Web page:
Reminder: check back here in seven months to see if Iran and the U.S. and its allies have reached an agreement on Tehran’s nuclear program. We suspect not, which could be a good thing.
There was little surprise accompanying the news this week that after many months of intense negotiations, which already included an extension, the two sides were still far apart. That came as a relief to the Israeli government, which feared that a “bad deal” was at hand, one that would allow Iran to continue to enrich uranium yet ease or end sanctions against it. But it seems clear that the deeper the U.S. delves into these talks, with so much time, energy and prestige invested, the more difficult it will be to walk away from them without an agreement in hand.
There is still the possibility that Iran may give in to the economic and diplomatic pressure and dismantle its program, but that is highly unlikely. Already the Western powers have conceded the right of Iran to enrich uranium; it’s just a matter of how much. And it’s also just a matter of whether Iran can achieve a nuclear bomb in a few months or perhaps a year.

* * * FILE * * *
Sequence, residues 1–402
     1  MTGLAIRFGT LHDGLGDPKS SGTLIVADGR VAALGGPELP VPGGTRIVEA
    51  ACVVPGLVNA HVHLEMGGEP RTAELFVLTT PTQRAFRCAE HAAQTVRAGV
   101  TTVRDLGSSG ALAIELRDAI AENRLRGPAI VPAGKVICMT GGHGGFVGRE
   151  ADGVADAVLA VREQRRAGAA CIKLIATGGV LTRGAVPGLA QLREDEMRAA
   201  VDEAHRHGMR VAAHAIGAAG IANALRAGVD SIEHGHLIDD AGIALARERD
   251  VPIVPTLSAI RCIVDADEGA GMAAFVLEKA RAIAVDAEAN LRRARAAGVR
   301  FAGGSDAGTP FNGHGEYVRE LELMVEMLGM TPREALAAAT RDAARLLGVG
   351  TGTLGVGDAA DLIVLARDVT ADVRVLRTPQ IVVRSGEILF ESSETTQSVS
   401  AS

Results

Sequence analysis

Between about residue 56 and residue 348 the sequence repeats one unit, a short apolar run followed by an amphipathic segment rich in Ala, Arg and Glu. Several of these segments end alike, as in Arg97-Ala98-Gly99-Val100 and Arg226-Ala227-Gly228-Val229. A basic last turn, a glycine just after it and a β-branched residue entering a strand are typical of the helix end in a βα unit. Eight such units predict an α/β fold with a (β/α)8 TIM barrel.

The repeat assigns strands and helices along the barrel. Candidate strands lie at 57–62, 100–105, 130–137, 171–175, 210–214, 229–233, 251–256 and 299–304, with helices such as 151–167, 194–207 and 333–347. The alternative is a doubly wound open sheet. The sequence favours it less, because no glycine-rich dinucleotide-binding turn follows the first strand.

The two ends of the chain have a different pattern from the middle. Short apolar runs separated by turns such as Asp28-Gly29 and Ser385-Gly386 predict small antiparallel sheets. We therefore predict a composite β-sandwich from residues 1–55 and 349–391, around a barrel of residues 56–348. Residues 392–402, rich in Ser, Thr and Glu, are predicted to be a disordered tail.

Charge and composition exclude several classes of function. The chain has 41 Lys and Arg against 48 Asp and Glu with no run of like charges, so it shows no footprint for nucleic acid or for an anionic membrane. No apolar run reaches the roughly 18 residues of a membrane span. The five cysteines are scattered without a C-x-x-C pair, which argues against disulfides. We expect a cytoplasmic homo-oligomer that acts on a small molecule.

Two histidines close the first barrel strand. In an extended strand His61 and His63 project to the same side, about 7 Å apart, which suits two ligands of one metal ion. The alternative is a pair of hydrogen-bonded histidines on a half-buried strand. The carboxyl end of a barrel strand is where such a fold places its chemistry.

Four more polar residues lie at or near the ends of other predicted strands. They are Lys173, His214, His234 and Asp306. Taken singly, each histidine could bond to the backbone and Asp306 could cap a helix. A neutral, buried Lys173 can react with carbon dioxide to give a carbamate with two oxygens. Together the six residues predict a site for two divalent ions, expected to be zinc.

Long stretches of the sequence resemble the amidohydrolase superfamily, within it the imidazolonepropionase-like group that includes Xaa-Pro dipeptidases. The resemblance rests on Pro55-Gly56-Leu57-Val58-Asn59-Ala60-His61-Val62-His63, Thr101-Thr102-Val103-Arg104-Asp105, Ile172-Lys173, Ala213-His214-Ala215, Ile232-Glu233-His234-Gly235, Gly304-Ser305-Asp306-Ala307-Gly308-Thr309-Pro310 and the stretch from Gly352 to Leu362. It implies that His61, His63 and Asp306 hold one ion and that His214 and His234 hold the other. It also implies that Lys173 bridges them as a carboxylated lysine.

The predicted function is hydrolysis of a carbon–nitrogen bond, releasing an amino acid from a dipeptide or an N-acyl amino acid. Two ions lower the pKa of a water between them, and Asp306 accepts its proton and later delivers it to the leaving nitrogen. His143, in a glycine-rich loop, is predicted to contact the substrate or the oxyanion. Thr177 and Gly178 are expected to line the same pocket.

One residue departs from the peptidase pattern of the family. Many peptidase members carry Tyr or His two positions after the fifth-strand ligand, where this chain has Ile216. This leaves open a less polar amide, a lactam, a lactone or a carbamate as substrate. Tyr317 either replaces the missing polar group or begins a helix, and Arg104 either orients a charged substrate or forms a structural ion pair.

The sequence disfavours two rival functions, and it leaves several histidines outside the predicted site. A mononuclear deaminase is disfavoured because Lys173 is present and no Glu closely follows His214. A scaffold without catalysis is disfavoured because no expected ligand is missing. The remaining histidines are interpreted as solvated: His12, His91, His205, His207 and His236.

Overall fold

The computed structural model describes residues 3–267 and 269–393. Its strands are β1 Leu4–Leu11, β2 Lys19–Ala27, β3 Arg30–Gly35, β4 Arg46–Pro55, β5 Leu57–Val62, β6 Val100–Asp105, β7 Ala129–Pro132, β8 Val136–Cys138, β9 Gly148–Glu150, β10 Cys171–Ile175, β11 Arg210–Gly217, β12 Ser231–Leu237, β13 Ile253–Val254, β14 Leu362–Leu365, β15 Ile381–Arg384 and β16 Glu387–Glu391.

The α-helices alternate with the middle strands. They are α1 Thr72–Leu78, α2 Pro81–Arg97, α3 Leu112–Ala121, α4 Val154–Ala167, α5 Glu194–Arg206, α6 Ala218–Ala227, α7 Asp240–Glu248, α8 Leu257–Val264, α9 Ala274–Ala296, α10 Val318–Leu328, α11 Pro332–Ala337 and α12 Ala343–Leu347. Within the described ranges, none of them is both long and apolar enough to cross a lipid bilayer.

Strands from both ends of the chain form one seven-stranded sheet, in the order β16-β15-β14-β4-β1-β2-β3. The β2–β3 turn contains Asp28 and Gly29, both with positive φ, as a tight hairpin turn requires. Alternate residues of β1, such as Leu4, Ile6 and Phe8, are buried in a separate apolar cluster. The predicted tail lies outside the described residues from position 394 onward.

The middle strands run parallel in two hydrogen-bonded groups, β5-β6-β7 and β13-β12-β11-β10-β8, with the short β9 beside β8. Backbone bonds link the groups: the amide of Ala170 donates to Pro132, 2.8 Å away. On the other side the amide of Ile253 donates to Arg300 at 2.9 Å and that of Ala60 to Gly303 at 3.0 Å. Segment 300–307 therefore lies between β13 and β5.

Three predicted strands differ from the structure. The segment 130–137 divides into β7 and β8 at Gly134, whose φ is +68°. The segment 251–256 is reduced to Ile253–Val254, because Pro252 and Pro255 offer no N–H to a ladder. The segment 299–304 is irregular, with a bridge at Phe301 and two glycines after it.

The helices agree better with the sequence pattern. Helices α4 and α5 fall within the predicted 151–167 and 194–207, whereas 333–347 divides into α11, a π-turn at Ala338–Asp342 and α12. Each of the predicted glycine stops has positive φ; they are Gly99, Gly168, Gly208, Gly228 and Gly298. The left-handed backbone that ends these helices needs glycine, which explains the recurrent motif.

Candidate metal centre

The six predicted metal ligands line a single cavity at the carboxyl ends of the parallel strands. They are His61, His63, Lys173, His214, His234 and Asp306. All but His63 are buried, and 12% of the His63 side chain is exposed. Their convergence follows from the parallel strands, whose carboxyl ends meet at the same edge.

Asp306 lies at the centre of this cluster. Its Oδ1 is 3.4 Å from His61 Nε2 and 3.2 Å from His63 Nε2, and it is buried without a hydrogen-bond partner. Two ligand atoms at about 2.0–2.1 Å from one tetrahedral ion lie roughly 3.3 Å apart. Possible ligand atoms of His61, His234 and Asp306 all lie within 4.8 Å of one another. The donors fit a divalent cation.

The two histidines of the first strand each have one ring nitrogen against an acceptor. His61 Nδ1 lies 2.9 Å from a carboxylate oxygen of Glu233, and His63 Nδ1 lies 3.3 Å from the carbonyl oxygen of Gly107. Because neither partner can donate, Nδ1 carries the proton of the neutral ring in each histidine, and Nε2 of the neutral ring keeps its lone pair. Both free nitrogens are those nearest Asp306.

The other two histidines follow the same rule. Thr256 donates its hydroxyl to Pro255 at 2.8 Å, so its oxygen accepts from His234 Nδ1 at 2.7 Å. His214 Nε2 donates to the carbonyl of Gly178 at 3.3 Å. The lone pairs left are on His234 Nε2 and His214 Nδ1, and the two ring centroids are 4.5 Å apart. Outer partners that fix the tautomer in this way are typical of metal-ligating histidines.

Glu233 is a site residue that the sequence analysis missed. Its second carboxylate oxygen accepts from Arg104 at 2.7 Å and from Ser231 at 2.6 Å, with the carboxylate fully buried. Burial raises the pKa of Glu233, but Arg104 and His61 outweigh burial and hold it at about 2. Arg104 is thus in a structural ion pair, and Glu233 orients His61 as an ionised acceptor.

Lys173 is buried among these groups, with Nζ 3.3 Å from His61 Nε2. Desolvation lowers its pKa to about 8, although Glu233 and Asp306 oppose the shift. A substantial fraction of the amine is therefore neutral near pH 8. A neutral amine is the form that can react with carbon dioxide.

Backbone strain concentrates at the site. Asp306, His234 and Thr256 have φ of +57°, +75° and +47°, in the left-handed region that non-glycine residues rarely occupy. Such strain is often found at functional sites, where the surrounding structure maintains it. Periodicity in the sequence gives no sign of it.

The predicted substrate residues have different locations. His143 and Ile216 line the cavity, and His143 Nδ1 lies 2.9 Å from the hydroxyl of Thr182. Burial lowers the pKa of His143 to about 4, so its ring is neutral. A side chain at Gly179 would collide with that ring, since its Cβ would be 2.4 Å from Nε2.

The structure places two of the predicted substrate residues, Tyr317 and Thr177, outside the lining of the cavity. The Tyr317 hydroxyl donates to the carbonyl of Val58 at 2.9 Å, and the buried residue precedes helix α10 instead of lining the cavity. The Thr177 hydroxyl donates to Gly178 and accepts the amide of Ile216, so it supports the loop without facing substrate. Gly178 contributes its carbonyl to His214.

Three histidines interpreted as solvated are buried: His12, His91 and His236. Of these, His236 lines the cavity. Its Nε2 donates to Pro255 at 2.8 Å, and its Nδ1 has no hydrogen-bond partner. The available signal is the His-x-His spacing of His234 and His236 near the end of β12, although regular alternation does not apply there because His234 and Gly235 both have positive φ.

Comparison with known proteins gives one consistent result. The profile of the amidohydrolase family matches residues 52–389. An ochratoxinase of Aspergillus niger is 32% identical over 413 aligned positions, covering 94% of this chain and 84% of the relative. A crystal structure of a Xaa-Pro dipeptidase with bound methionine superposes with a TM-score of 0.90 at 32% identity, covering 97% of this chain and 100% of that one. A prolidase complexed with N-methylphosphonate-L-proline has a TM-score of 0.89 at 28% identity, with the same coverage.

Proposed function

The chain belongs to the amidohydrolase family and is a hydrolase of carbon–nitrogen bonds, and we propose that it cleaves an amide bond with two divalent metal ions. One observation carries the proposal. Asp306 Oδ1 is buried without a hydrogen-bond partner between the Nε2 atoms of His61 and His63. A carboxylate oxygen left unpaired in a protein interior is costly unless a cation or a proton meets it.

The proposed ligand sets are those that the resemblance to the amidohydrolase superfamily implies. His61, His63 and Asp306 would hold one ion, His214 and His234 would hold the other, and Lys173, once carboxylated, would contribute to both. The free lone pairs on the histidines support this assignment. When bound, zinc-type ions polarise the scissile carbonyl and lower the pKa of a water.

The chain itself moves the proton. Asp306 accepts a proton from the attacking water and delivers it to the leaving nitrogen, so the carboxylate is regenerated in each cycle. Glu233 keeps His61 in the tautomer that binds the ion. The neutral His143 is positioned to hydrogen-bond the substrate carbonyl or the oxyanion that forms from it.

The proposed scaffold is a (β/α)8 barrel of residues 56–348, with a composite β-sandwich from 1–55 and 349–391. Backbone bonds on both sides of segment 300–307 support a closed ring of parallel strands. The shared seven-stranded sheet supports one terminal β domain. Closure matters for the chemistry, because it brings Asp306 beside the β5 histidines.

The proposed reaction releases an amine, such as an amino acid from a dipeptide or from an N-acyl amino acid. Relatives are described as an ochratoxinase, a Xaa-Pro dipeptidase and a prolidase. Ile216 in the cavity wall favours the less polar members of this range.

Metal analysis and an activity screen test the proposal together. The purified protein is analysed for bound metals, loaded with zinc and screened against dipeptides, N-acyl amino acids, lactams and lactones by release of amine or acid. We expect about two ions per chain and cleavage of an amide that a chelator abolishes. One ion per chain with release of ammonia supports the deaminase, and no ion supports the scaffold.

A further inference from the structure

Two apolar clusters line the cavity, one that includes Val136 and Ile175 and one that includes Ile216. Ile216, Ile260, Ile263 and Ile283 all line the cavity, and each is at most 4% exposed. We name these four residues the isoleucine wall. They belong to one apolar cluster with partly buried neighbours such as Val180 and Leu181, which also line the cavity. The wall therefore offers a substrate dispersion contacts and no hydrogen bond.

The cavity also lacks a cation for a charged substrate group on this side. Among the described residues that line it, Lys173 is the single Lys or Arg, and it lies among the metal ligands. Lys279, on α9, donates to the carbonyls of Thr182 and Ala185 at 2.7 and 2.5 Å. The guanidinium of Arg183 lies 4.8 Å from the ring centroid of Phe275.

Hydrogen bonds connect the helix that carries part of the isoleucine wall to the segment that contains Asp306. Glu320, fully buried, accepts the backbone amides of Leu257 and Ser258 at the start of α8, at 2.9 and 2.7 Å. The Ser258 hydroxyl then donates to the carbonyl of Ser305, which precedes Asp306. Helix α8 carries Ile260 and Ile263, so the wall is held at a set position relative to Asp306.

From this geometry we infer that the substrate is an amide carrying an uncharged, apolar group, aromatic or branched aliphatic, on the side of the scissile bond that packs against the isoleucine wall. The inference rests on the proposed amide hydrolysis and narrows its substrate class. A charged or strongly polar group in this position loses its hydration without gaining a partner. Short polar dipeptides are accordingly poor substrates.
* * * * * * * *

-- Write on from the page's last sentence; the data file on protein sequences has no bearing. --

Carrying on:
What is galling, because it is assumed but not mentioned, is that the West knows Iran is lying in its persistent claim that it only seeks to achieve nuclear power for peaceful means. If that were true, why suffer serious economic sanctions and resist efforts to inspect its facilities?
The most recent report of the International Atomic Energy Agency (IAEA) confirms that Iran has violated its agreement and refused to provide vital information about its program.
Of course Iran’s objective is a nuclear bomb. But rather than recognize Tehran as a world leader in exporting terror that must be confronted, the U.S. maintains the façade of diplomacy and prefers a strategy of continuing talks that may well go nowhere. That could mean no Iranian bomb during Obama’s watch and let the next resident of the White House worry about it.
Is that the president’s goal?